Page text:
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Old scale body armor on wood hanger

$59
or
Royalty Free License
- All Extended Uses
Included Formats
3ds Max 2010 V-Ray 2.2
3D Studio
FBX
OBJ

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3D Model Specifications
Product ID:935340
Published:
Geometry:Polygonal Ngons used
Polygons:30,069
Vertices:29,498
Textures:Yes
Materials:Yes
Rigged:No
Animated:No
UV Mapped:Yes
Unwrapped UVs:Mixed
Artist
TurboSquid Member Since September 2011
Currently sells 1287 products
Achievements:
Product Rating
Unrated
Description
This is high poly armor.
Rendered in vray.
Stack not collapsed.
Textures included.
Model tested checkmate light program.
3ds, fbx, obj files exported without meshsmooth modifier.

No hidden objects
All objects groupped
All objects have materials
No missing textures and texture paths cleared
All objects have 1:1 scale
Model have lights and cameras , just open max file and
Click render and you have same image as preview.

Scale armour is an early form of armour consisting of many individual small armour scales (plates) of various shapes attached to each other and to a backing of cloth or leather in overlapping rows.[1] Scale armour was worn by warriors of many different cultures as well as their horses. The material used to make the scales varied and included bronze, iron, rawhide, leather, cuir bouilli, seeds, horn, pangolin scales and, in ancient China, paper. The variations are primarily the result of material availability.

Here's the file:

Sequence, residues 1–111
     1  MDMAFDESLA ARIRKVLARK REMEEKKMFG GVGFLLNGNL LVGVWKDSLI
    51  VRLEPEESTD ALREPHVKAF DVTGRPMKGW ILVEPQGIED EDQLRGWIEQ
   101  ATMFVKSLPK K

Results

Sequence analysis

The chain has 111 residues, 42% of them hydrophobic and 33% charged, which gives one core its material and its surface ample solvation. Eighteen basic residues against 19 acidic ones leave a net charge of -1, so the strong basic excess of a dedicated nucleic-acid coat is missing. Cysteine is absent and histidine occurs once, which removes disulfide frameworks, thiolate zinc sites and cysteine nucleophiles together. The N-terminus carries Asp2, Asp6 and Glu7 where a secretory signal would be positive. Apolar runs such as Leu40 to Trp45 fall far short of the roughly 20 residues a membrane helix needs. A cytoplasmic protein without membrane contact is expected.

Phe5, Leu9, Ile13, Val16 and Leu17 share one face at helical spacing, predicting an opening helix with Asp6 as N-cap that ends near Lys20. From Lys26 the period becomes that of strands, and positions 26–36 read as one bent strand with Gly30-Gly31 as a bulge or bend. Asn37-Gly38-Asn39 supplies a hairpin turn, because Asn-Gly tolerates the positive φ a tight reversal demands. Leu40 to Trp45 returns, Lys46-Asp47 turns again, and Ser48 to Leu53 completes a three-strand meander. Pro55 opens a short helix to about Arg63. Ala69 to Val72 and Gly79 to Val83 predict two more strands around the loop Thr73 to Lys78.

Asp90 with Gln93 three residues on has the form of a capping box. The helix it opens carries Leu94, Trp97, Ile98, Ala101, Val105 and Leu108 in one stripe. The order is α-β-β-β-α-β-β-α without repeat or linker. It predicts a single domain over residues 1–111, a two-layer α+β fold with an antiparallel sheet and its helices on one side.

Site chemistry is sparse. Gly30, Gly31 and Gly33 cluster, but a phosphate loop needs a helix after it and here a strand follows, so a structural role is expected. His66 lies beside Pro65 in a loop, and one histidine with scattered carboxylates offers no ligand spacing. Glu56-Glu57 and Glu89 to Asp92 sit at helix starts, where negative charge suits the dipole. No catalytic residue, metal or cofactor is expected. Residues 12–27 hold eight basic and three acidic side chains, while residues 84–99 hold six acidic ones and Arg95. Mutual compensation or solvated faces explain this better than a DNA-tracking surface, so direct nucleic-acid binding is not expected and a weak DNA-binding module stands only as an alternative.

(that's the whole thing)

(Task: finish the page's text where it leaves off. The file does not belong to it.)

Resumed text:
Scale armour is armour in which the individual scales are sewn or laced to a backing by one or more edges and arranged in overlapping rows resembling the scales of a fish/reptile or roofing tiles.[2] Lorica squamata is an ancient Roman armour of this type[1] and gyorin kozane is the Japanese (samurai) name for this type of scale armour.[3]
Other types of armours made from individual scales but constructed in a different manner have their own separate names such as lamellar armour where the individual scales are perforated on several or all edges and lashed tightly to each other in straight ridged rows and do not need to be attached to a backing. The Romans also had a variant called lorica plumata in which the scales were attached to mail.[4]
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